Emilio Delgado, best known for the 45 years he spent portraying kind-hearted repair shop owner Luis Rodriguez on legendary children’s entertainment program Sesame Street, has died. Delgado was diagnosed with multiple myeloma in 2020; he was 81 when he died earlier today, in his New York City home.
Born in Calexico, California, on the border between the United States and Mexico, Delgado gravitated toward music and performance from an early age. He had his first successes on the stage, while also spending time as artistic director at the Mexican-American Centre of Creative Arts, teaching drama to Los Angeles high schoolers.
Delgado’s life changed, more-or-less permanently, when he received a job offer in 1971, inviting him to leave California, fly to New York, and join the cast of Sesame Street. The series was already a cultural institution at this point, having debuted, in 1969, to both national acclaim—and subsequent accusations of under-representation in terms of Hispanic performers, writers, and viewpoints.
Game to correct these flaws, the show’s producers brought in a crew of Hispanic and Latino voices both in front of and behind the camera, including a new crop of actors that included Panchito Gómez, Sonia Manzano, Delgado, and Raul Julia—the latter of whom were swiftly established as Luis and Rafael, proprietors of the L & R Fix-It Shop. Julia departed the series after a single season; Delgado would stay on for the next four decades, imparting lessons to generation after generation of kids.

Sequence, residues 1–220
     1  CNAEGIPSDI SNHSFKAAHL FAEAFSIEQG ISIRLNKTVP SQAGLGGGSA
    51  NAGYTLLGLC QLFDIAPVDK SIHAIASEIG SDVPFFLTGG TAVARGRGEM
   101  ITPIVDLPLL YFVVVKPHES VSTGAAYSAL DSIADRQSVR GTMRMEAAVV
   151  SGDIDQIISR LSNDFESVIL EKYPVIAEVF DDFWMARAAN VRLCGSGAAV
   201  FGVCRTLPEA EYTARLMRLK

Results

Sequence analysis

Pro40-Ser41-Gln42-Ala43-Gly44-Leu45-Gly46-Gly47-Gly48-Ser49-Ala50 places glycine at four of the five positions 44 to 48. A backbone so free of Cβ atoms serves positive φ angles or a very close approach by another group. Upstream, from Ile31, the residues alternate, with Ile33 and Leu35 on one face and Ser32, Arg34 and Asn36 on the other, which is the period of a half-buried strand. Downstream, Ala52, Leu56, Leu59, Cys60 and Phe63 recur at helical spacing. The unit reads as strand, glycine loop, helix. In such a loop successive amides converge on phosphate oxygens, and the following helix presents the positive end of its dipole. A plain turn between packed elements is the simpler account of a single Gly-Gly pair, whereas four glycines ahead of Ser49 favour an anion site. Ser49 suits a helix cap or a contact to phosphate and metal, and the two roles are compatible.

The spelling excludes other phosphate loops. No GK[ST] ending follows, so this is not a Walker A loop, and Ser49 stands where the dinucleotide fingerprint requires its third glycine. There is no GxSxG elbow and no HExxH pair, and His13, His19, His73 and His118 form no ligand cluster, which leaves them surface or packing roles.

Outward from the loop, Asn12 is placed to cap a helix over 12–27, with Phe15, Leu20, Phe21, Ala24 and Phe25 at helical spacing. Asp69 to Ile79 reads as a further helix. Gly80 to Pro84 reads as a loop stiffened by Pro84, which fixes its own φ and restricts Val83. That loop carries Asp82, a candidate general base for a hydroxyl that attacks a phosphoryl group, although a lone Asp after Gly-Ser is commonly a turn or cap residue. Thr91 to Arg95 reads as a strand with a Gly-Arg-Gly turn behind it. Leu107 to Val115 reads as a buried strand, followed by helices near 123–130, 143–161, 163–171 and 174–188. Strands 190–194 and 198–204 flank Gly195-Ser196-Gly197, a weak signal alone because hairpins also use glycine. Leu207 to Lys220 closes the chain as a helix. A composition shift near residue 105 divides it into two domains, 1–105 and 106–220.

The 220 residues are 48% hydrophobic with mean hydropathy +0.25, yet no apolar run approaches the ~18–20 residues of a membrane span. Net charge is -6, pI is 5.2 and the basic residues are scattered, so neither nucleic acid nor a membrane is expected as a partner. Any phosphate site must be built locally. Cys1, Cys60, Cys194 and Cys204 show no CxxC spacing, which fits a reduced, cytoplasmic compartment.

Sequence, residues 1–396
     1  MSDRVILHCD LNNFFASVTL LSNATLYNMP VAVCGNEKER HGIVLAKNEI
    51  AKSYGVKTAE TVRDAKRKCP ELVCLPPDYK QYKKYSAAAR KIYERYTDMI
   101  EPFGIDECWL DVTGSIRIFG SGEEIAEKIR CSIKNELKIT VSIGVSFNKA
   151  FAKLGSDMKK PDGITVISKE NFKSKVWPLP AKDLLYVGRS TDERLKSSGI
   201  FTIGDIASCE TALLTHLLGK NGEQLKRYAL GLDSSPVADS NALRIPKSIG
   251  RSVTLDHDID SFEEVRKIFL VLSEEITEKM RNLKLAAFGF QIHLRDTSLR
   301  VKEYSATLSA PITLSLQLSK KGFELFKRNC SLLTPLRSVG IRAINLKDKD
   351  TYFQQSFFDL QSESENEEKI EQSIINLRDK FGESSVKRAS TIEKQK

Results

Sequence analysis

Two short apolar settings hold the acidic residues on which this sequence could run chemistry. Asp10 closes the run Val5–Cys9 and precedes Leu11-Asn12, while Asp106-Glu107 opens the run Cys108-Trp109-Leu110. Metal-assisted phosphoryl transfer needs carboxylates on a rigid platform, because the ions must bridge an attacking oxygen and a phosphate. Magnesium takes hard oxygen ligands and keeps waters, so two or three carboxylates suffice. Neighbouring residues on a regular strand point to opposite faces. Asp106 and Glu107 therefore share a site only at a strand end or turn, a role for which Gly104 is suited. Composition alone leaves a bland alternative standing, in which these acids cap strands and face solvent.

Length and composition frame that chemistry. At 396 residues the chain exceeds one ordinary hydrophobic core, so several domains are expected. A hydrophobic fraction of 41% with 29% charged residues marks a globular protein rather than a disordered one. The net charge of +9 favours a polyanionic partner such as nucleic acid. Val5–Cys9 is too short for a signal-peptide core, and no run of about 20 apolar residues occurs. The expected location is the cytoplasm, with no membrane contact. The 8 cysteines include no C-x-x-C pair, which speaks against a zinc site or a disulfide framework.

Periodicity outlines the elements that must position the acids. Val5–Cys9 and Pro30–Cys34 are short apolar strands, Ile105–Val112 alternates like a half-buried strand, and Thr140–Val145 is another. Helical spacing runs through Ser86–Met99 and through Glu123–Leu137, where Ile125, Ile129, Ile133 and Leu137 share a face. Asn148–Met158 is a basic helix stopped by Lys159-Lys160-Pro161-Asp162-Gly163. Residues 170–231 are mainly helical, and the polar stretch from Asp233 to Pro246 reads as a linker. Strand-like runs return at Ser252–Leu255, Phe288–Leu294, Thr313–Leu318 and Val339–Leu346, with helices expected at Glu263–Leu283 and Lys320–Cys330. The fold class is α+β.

As Luis, Delgado was instrumental to many of the most iconic moments in the show’s long history, including his character’s wedding to Manzano’s Maria, and the famous scene in which the adults of Sesame Street explain Mr. Hooper’s death to a grieving Big Bird. He stayed with the series until 2016, when Sesame Workshop declined to renew his contract due to the retooling that accompanied the show’s shift to HBO. (Delgado would continues to be associated with the series, appearing in its 50th anniversary special in 2019; his final film credit was as a talking head in 2021's Street Gang documentary about the show.)
In addition to his regular Street gig, Delgado also continued to work outside the series, appearing periodically in New York-shot productions. (Among other credits, he racked up five appearances as different characters on the various Law & Order franchises.) But it’s Luis, obviously, that will be his enduring legacy, along with more than half a lifetime spent making kids’ lives feel a little brighter and safer. In his own words, Delgado noted the rarity of that kind of role in 1970s America: “I realized I had gotten a role on television that was a role of a Latino, Mexican-American, who was like a regular person. He was part of a neighborhood, he had his own business. It was a role that hadn’t been show before.”